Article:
Top 10 Scariest Professional and Collegiate Basketball Injuries of the 2000s

Spencer KierCorrespondent IOctober 31, 2011

Top 10 Scariest Professional and Collegiate Basketball Injuries of the 2000s

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    In the spirit of Halloween, I've decided to list and detail the 10 scariest basketball injuries of the millennium.

    These injuries have taken place in both college and professional basketball over the past 11 plus years.

     

    They are not supposed to be taken lightly, nor are they funny.

    Some of these videos can be extremely gruesome and are not intended for those with weak stomachs.   

10. Jamal Crawford

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    Jamal Crawford, while on the Bulls in 2003, suffered this scary injury.

    At first glance, it looked as if Crawford had broken his neck, but the Bulls guard returned to action after sitting out only two games with what was deemed a sprained neck. 

9. T.J. Ford

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    T.J. Ford suffered this injury in December of 2007.

    Although conscious after the incident, he needed to be carried off on a stretcher.

    Ford, who missed the 2004-05 season with the Milwaukee Bucks after neck surgery, returned to the Raptors' bench in early February of '08 after almost three months of recovery. 

8. Tony Allen

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    Allen suffered a torn ACL and MCL on this playful dunk attempt following a blown whistle.

    He was having arguably the best season of his career during this year, averaging 11 points, four rebounds and 1.5 steals.

    Allen went through rehabilitation for about nine months before returning to action in the NBA.  

7. Da’Sean Butler

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    Da’Sean Butler's knee injury happened while his West Virginia Mountaineers were playing the Duke Blue Devils in the 2010 NCAA Tournament Final Four.

    It was a devastating loss for the team at the time, as they went on to lose the game. Butler suffered a torn ACL and a sprained MCL.  

6. Evan Turner

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    Evan Turner suffered this back injury in December of 2009 while with the Ohio St. Buckeyes.

    He broke two vertebrae and was forced to sit out for about eight weeks.

    Turner was averaging 20 points and nearly 13 rebounds a game before the injury occurred. 

5. Derrick Roland

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    Texas A&M Aggies' guard Derrick Roland broke his the tibia and fibula of his right leg on this horrific play.

    Doctors reported that it would be about six to seven months before his leg would recover.

    The Aggies were ranked 19th in the nation at the time of the injury, and Roland was their second leading scorer.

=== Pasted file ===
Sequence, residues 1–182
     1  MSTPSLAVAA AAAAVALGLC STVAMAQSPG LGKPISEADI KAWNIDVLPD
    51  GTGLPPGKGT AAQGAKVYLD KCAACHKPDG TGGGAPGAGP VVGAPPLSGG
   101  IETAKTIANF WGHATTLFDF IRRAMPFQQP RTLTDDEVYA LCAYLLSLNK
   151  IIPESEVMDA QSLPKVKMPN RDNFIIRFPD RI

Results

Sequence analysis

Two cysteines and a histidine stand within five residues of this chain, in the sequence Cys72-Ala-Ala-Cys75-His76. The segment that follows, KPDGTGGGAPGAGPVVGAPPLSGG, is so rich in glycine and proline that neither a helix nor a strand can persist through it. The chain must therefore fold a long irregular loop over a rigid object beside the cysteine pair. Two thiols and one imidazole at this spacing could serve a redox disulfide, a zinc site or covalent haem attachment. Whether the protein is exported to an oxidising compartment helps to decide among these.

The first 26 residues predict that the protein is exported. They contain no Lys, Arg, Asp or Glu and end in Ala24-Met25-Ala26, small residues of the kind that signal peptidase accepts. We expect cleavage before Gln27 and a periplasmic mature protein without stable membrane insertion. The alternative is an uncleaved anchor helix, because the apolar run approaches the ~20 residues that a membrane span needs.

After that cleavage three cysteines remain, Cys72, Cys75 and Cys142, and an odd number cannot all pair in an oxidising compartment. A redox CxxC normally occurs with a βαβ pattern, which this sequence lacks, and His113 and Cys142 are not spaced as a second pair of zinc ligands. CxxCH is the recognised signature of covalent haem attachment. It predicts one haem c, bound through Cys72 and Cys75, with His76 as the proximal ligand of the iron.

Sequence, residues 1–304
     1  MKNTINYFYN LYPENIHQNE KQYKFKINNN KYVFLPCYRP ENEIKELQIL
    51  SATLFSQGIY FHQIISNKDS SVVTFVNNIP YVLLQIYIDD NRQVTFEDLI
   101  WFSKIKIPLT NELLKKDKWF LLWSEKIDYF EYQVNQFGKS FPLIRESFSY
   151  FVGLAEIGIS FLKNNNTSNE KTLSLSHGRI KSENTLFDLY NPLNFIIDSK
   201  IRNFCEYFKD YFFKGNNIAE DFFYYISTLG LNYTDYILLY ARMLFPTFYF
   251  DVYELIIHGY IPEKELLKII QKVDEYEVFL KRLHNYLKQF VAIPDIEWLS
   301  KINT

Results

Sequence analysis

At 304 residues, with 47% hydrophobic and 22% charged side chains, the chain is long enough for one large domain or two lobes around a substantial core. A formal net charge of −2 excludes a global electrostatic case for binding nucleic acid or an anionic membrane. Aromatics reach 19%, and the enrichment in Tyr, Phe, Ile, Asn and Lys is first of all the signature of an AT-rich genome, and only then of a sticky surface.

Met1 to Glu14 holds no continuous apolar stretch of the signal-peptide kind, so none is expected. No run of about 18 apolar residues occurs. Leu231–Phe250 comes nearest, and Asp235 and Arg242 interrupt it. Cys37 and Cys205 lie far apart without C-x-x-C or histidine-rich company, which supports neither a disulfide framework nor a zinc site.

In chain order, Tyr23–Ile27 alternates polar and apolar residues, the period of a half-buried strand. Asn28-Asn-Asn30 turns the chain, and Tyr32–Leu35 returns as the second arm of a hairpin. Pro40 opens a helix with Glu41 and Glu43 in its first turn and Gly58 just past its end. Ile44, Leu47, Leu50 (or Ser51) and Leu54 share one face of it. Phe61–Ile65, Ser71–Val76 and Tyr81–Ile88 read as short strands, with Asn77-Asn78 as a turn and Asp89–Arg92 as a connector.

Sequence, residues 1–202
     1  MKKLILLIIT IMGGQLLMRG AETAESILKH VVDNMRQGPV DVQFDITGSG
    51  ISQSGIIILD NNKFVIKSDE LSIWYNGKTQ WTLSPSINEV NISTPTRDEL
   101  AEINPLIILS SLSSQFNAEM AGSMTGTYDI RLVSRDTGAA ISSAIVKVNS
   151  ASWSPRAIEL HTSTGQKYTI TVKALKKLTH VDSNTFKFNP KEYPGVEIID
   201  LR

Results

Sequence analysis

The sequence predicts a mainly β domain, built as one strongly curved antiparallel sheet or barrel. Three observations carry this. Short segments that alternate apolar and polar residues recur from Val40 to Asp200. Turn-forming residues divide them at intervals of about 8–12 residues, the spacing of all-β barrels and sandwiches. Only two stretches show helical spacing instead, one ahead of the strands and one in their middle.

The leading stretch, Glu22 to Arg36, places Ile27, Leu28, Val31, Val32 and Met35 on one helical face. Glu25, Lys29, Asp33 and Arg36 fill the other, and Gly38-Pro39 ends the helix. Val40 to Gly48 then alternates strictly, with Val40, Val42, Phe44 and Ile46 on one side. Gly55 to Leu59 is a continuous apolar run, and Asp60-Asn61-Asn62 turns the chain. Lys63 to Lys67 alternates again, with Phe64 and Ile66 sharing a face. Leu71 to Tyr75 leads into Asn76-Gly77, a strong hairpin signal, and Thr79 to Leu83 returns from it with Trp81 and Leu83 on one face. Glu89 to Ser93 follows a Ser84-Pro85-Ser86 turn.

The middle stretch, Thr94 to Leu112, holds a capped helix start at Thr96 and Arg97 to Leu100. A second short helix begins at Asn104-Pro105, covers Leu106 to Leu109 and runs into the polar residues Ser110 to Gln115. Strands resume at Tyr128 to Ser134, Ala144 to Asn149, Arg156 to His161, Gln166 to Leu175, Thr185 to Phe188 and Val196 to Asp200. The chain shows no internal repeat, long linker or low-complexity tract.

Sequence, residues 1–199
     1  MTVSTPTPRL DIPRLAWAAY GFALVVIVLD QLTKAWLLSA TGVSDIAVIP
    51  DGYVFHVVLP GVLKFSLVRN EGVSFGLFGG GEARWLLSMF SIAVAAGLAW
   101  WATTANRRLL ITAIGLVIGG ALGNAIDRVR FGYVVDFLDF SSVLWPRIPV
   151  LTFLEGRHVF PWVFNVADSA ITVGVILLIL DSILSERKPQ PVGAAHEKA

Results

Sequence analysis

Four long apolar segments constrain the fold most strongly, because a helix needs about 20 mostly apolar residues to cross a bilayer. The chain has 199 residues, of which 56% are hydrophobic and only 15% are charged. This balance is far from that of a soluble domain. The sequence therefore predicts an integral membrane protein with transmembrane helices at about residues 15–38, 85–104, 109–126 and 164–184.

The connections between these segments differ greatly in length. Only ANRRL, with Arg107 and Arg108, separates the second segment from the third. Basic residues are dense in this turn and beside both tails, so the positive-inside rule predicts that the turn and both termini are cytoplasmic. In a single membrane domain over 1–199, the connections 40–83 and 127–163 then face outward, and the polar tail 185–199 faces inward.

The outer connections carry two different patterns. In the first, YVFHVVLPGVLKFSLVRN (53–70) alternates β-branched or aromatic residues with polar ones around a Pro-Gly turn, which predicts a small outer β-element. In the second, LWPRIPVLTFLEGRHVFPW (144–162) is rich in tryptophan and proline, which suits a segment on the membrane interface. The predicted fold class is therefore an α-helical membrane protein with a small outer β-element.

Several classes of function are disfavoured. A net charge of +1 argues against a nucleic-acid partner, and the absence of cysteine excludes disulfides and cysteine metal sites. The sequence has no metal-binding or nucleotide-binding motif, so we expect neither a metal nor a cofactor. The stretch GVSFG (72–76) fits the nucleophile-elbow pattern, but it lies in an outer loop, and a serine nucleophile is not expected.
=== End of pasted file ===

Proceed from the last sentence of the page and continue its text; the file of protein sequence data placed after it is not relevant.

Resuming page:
4. Andrew Bogut

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    Milwaukee Bucks center Andrew Bogut suffered a broken right hand, sprained wrist and dislocated elbow after this fastbreak dunk.

    Bogut was having quite a season at the time with 16 points, 10 rebounds and 2.5 blocks a game. He did, however, return the next year for the 2010-11 season.   

3. Allan Ray

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    On this gruesome play in the 2006 Big East Tournament, Allan Ray of the Villanova Wildcats had his eye poked out of its socket.

    He claimed that he lost vision for a period of time following the accident.

    Amazingly, Ray was able to return to action nearly a week later. 

2. Uruguay Basketball Official

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    This basketball boxing match took place in Uruguay in 2006.

    The player was banned from playing in the league, and the ref suffered life-threatening injuries at the time.

    As you'll find out in the video, the ref was unconscious for three hours and had to undergo emergency surgery to save the sight in his left eye. 

1. Shaun Livingston

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    This horrific injury was suffered by Shaun Livingston in February of 2007 while with the Los Angeles Clippers.

    Livingston tore his ACL, PCL and lateral meniscus, sprained his MCL and dislocated his patella and tibia femoral joint.

    It was one of the worst knee injuries in the history of recorded sports. He was sidelined by the injury for the first three seasons of his NBA career, and still has been unable to fully recover. 

    Livingston drew comparisons to Magic Johnson for his size and playmaking skills, although he never had the opportunity to live up to those expectations.

     

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